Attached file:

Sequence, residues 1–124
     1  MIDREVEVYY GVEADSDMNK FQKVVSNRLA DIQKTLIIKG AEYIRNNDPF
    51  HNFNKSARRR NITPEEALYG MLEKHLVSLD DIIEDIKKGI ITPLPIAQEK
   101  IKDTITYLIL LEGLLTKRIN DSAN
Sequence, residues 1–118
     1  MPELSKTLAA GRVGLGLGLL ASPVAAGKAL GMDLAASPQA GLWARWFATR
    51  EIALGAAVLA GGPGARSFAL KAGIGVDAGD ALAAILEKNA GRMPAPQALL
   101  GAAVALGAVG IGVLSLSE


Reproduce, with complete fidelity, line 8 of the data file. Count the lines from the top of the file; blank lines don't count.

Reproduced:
   101  GAAVALGAVG IGVLSLSE